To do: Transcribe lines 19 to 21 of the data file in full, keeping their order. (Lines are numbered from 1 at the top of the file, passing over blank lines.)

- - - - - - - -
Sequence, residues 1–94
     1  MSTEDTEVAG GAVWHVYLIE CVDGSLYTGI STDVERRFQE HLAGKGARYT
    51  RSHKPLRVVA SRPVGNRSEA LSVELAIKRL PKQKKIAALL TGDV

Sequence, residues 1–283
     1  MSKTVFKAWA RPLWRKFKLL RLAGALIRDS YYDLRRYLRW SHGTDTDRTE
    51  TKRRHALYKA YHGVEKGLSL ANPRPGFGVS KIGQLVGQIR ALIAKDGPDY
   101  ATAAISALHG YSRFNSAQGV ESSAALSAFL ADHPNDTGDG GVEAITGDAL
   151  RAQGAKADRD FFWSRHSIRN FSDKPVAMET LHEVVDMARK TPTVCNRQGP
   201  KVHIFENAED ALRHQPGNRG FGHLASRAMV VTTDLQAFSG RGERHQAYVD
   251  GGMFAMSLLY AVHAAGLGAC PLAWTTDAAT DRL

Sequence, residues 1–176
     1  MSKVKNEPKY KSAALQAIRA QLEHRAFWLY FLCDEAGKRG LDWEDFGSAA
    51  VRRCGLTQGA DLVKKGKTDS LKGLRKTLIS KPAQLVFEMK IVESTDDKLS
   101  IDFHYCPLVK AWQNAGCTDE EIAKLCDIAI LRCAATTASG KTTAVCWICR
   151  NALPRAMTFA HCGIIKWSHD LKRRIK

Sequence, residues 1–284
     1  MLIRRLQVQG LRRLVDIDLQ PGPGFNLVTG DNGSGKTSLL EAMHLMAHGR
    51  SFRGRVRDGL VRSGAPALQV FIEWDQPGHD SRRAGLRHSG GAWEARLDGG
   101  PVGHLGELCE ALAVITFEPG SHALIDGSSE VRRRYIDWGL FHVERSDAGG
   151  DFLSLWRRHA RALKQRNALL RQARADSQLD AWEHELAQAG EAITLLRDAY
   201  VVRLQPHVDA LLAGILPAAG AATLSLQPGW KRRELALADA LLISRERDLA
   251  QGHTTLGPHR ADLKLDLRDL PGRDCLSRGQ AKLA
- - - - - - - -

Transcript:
   101  PVGHLGELCE ALAVITFEPG SHALIDGSSE VRRRYIDWGL FHVERSDAGG
   151  DFLSLWRRHA RALKQRNALL RQARADSQLD AWEHELAQAG EAITLLRDAY
   201  VVRLQPHVDA LLAGILPAAG AATLSLQPGW KRRELALADA LLISRERDLA